- Plus, the latest on T.Y. Hilton and Julio Jones, the Saints get some reinforcements, and the league discusses anti-Kaepernick Russian trolls flooding social media.
Your rundown of news and notes heading into Sunday of Week 16 …
1. The top injury to watch on Sunday, given the circumstances (real and fantasy), involves Rams RB Todd Gurley. He is listed as questionable with a knee injury and I’m told this is truly a game-time decision, which is to say it could be in question past the 1 p.m. kickoffs (which I’d imagine creates a tough spot for some of you). Sean McVay’s team is more prepared for it, with new addition C.J. Anderson ready to go if needed. One coach I talked to said Anderson showed himself to be a pro in how he worked and how quickly he picked up the Rams’ protections. He was at the facility very early all week.
2. There is far more certainty surrounding Colts WR T.Y. Hilton. Sources say he’s a go for his team’s big one against the Giants, and that’s not to say that his ankle is where it needs to be. He gutted it out last week on the bum wheel and, barring a setback, will do that again.
3. At the latest league meetings in Dallas, in an effort to show how Park Avenue is monitoring social media, the league discussed with assembled owners and team executives the presence of Russian accounts tweeting about the league’s anthem controversy and Colin Kaepernick during recent election seasons. The presentation cited a Wall Street Journal story from October on the subject. (According to multiple people in the room, the sentiment from the Russian accounts was, as you’d expect, uniformly anti-Kaepernick.)
4. The Saints will have Ted Ginn back in the lineup against the Steelers, and Ginn put together a really strong week of practice to show he’s ready after almost three months away. Coaches expect Ginn to bring an element of speed the offense has missed on the outside in his absence. Getting one of the NFL’s best left tackles, Terron Armstead, back in the lineup is a pretty big deal as well.
5. Latest word is that the Falcons are indeed taking the decision on whether to play Julio Jones (hip/ribs) into gameday, as coach Dan Quinn intimated on Friday. I’m sure if it were up to Jones, he’d play. I think the team is going to be careful with him.
6. Interesting nugget: I’m told Browns coaches didn’t address being eliminated from the playoff picture with their players last night, which is consistent with their message throughout all of this. That message has been not to let anything happening on the outside affect what’s happening inside the organization.
7. I’ll be interested to see the Vikings offense today against Detroit and, in particular, whether or not they can do close to what they did last week against Miami (220 rushing yards). A lot of fingers have been pointed at ex-coordinator John DeFilippo, but the loss of the late Tony Sparano, the O-line coach who was vital in putting together the run game, has most certainly been felt this year. If interim OC Kevin Stefanski, who I believe will get his interim tag removed at season’s end, has actually found the fix, that would really be something.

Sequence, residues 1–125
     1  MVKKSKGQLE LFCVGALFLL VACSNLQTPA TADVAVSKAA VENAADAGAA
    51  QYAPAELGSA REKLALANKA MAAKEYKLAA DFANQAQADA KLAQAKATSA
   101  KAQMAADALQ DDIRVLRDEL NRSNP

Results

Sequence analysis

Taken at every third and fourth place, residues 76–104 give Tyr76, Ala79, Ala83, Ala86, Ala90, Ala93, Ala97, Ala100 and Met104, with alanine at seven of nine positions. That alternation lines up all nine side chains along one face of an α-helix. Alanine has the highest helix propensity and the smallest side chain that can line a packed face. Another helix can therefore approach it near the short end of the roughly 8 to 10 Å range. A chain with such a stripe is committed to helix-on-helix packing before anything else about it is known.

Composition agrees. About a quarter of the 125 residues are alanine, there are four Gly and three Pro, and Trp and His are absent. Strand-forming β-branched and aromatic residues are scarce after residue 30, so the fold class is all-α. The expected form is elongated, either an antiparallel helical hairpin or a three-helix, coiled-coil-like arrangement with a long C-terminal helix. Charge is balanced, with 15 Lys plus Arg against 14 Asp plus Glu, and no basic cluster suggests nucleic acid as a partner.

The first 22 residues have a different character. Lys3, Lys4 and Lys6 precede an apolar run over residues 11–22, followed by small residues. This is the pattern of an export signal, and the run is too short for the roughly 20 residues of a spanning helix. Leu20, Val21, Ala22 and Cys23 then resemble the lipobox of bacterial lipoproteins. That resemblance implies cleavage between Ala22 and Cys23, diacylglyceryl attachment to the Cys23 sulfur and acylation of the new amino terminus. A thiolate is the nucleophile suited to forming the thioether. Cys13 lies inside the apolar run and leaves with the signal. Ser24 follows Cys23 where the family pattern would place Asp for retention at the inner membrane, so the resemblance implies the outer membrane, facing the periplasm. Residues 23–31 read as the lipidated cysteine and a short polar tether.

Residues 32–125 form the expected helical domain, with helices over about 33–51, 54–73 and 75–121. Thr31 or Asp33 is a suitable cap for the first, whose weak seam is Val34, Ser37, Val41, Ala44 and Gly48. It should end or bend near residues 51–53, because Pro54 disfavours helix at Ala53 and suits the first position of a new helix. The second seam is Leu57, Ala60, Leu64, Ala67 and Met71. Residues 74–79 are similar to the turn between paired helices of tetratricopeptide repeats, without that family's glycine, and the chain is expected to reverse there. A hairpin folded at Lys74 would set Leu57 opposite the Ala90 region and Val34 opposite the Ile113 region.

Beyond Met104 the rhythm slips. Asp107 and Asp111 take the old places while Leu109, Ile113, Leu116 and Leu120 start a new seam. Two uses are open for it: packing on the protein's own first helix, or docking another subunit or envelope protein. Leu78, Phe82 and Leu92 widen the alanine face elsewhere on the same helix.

8. Both the Eagles’ and Texans’ secondaries are susceptible right now, but perhaps the real key to this afternoon’s big tilt at the Linc will be waged at the line of scrimmage, with Houston’s O-line trying to handle a Philly defensive front that took over against the Rams last week. To that end, Swiss Army knife Michael Bennett is important as a matchup guy for the Eagles, and I’m told the team is optimistic Bennett (foot) will be good to go.
9. Given the loss of Josh Gordon, a lot of eyes will be on Patriots veteran Chris Hogan. We’ve seen plenty of him (Belichick was asked about him on Friday and answered: “He’s been healthy all year, so that’s a good thing”), and have a pretty good idea that he’s not quite what he was in his first two years as a Patriot. That, to me, leaves two players to watch: One is Phillip Dorsett, who the team likes but who saw his playing time cut into big-time after Gordon settled in. The other is James White, who’s been a great security blanket for Tom Brady but has had his workload managed of late.
10. Let’s wrap with a look-ahead to Monday, which could be the Raiders’ final game in Oakland. As you probably know by now, the city is suing the team and the team has no lease for next year, with its stadium in Vegas set to open in 2020. Where do things stand? The Raiders are talking to the Niners about Levi’s Stadium, the San Francisco Giants about AT&T Park, and San Diego about playing in the Chargers’ old home. San Antonio was bandied about too, though Mark Davis poured water on the idea a couple weeks back. A couple people I spoke with mentioned Cal-Berkeley’s Memorial Stadium as a potential 2019 solution. One thing to keep in mind: The Niners hold some cards here, obviously controlling the situation at Levi’s and holding the ability to block a move to AT&T since they have territorial rights to San Francisco. This much I do know: All this uncertainty should make for a colorful scene on Christmas Eve.
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